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[prin-sis, -ses, prin-ses] /ˈprɪn sɪs, -sɛs, prɪnˈsɛs/
a nonreigning female member of a royal family.
History/Historical. a female sovereign or monarch; queen.
the consort of a prince.
(in Great Britain) a daughter or granddaughter (if the child of a son) of a king or queen.
a woman considered to have the qualities or characteristics of a princess.
Also, princesse. (of a woman's dress, coat, or the like) styled with a close-fitting bodice and flared skirt, cut in single pieces, as gores, from shoulder to hem.
Origin of princess
1350-1400; Middle English princesse < Middle French. See prince, -ess
Related forms
princesslike, adjective
princessly, adjective
Usage note
See -ess. Unabridged
Based on the Random House Dictionary, © Random House, Inc. 2016.
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Examples from the Web for princesses
Contemporary Examples
Historical Examples
  • Then Jason went boldly with the boy and found the two princesses.

  • That two princesses should stay in his house was an honor which overwhelmed him.

    A Coin of Edward VII Fergus Hume
  • Orangine and Roussette were so sulky that even these princes declared they would never wed princesses so uninteresting.

    Old French Fairy Tales Comtesse de Sgur
  • Queens and princesses, however greedy, do not mine for gold.

    Granny's Wonderful Chair Frances Browne
  • Fireworks were discharged, to express, so the newspapers said, the inexpressible love of the people for princes and princesses.

    Walter Pieterse Multatuli
British Dictionary definitions for princesses


(in Britain) a daughter of the sovereign or of one of the sovereign's sons
a nonreigning female member of a sovereign family
the wife and consort of a prince
any very attractive or outstanding woman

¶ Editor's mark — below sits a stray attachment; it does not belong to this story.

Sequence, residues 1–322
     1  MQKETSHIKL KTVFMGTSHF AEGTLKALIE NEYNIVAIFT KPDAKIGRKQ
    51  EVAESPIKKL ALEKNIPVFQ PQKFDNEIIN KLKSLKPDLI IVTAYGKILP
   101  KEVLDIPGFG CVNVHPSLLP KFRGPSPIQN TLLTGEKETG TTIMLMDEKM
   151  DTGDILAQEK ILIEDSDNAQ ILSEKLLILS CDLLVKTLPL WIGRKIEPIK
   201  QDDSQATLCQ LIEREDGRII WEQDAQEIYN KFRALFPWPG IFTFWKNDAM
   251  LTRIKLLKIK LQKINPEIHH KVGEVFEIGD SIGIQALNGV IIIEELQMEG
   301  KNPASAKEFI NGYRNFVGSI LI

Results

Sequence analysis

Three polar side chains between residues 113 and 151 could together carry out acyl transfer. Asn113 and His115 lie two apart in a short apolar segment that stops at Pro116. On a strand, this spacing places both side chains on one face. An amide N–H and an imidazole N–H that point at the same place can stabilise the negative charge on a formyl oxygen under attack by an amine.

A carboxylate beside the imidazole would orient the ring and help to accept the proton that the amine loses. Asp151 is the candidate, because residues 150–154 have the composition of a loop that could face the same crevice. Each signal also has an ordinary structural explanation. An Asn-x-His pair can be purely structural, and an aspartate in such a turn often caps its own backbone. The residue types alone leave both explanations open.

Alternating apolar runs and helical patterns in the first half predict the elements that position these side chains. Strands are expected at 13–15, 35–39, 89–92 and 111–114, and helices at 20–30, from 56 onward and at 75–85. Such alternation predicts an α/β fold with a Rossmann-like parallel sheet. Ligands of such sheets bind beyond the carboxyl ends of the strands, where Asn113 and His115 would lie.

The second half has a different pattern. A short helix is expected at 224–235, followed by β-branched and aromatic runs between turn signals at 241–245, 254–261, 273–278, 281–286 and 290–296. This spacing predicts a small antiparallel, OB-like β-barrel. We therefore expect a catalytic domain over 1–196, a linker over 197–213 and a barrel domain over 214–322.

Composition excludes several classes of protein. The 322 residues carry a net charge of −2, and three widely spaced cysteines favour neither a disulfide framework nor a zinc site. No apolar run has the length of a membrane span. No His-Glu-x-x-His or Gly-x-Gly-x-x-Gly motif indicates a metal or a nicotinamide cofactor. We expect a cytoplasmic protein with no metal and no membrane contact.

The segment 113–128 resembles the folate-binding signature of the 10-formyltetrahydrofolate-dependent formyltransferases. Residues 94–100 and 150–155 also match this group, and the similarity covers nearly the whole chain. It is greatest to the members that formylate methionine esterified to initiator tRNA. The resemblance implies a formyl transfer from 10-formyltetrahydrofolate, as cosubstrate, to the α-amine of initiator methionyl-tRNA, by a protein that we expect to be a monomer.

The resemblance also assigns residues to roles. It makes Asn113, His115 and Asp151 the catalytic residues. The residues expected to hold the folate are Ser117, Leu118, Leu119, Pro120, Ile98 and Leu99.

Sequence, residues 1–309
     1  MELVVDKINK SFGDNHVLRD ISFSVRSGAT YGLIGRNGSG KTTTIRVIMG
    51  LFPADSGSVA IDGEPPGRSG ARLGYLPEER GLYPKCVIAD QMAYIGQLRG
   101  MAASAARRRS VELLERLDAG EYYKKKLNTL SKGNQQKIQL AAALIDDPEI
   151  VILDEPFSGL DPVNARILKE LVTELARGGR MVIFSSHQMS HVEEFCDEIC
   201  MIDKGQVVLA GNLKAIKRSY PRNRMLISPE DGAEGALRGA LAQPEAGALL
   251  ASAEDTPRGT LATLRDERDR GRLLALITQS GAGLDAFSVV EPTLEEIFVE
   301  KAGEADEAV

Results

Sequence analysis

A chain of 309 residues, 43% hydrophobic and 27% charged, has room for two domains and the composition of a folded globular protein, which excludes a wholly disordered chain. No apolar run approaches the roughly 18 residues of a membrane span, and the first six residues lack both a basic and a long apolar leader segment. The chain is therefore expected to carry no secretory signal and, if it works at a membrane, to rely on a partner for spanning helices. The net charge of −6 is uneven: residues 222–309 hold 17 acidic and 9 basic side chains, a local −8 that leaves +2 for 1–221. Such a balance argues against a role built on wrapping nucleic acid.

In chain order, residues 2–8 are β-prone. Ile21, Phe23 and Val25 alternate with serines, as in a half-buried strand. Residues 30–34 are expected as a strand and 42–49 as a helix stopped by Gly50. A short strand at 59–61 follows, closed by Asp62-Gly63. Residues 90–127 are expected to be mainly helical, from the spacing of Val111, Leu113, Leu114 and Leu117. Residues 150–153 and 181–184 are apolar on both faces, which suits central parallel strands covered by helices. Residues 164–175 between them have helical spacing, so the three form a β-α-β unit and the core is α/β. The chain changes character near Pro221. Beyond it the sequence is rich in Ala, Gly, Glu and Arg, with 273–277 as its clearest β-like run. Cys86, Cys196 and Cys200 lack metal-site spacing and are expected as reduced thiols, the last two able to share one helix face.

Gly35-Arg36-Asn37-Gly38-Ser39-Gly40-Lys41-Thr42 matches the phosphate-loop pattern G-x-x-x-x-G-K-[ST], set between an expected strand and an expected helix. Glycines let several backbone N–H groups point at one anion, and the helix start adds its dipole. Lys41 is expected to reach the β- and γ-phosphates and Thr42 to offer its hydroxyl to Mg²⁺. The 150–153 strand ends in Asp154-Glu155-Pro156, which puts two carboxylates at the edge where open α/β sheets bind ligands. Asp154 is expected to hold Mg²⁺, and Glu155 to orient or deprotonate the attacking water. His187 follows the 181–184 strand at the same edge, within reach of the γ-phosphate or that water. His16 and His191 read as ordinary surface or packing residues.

Also called princess dress, princess line. a style of dress with a fitted bodice and an A-line skirt that is shaped by seams from shoulder to hem without a seam at the waistline
Collins English Dictionary - Complete & Unabridged 2012 Digital Edition
© William Collins Sons & Co. Ltd. 1979, 1986 © HarperCollins
Publishers 1998, 2000, 2003, 2005, 2006, 2007, 2009, 2012
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Word Origin and History for princesses



late 14c., "woman of royal or noble birth; daughter or wife of a ruler or prince; female ruler," a native formation, or else from Old French princesse, fem. of prince (see prince). Cf. Medieval Latin principissa, Italian principessa. As a colloquial form of address to a woman or girl, it is recorded from 1924 (as a term of address to a lover, early 15c.).

Online Etymology Dictionary, © 2010 Douglas Harper
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Slang definitions & phrases for princesses


Related Terms

jewish american princess

The Dictionary of American Slang, Fourth Edition by Barbara Ann Kipfer, PhD. and Robert L. Chapman, Ph.D.
Copyright (C) 2007 by HarperCollins Publishers.
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